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An exploration of the Singleton pattern in Swift
Swift Objective-C
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README.md

SwiftSingleton

tl;dr: Use the class constant approach if you are using Swift 1.2 or above and the nested struct approach if you need to support earlier versions.

An exploration of the Singleton pattern in Swift. All approaches below support lazy initialization and thread safety.

Issues and pull requests welcome.

Approach A: Class constant

class SingletonA {
    
    static let sharedInstance = SingletonA()
    
    init() {
        println("AAA");
    }
    
}

This approach supports lazy initialization because Swift lazily initializes class constants (and variables), and is thread safe by the definition of let.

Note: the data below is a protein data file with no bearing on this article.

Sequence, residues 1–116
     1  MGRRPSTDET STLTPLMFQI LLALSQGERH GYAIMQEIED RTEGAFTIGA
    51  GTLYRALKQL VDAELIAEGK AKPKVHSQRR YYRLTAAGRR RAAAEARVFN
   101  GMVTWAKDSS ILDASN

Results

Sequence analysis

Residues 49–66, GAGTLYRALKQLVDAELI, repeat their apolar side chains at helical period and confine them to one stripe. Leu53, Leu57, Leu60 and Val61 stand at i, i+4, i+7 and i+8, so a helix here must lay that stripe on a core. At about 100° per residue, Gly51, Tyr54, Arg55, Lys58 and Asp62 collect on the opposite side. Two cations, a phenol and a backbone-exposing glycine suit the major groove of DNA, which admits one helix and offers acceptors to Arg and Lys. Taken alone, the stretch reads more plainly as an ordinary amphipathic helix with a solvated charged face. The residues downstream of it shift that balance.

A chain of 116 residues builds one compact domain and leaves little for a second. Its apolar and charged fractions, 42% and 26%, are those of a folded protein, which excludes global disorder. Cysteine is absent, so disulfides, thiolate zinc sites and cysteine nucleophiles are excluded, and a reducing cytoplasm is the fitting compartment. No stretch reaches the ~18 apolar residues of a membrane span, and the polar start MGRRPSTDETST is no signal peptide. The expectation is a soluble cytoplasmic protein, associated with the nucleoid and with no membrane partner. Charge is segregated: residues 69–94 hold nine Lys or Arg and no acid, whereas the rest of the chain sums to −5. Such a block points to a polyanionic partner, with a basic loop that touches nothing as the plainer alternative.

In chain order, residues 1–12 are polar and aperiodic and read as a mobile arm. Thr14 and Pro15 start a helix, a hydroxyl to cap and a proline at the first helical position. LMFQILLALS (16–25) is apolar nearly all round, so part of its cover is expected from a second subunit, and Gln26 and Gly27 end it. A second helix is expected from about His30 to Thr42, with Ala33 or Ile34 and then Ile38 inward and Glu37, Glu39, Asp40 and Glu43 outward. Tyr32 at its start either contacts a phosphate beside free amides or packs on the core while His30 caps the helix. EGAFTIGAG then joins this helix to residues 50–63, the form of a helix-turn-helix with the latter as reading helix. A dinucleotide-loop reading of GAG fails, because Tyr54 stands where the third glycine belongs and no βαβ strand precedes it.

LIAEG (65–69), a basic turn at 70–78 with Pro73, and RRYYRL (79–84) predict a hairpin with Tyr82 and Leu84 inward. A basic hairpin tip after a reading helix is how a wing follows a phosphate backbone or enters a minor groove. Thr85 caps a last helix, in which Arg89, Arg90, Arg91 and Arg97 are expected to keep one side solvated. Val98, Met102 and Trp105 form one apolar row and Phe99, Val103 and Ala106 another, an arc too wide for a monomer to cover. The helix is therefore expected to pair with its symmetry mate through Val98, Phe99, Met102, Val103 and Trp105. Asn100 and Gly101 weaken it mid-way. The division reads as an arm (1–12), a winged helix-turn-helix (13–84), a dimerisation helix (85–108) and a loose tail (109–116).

Class constants were introduced in Swift 1.2. If you need to support an earlier version of Swift, use the nested struct approach below or a global constant.

Approach B: Nested struct

class SingletonB {
    
    class var sharedInstance: SingletonB {
        struct Static {
            static let instance: SingletonB = SingletonB()
        }
        return Static.instance
    }
    
}

Here we are using the static constant of a nested struct as a class constant. This is a workaround for the lack of static class constants in Swift 1.1 and earlier, and still works as a workaround for the lack of static constants and variables in functions.

Approach C: dispatch_once

The traditional Objective-C approach ported to Swift.

class SingletonC {
    
    class var sharedInstance: SingletonC {
        struct Static {
            static var onceToken: dispatch_once_t = 0
            static var instance: SingletonC? = nil
        }
        dispatch_once(&Static.onceToken) {
            Static.instance = SingletonC()
        }
        return Static.instance!
    }
}

I'm fairly certain there's no advantage over the nested struct approach but I'm including it anyway as I find the differences in syntax interesting.

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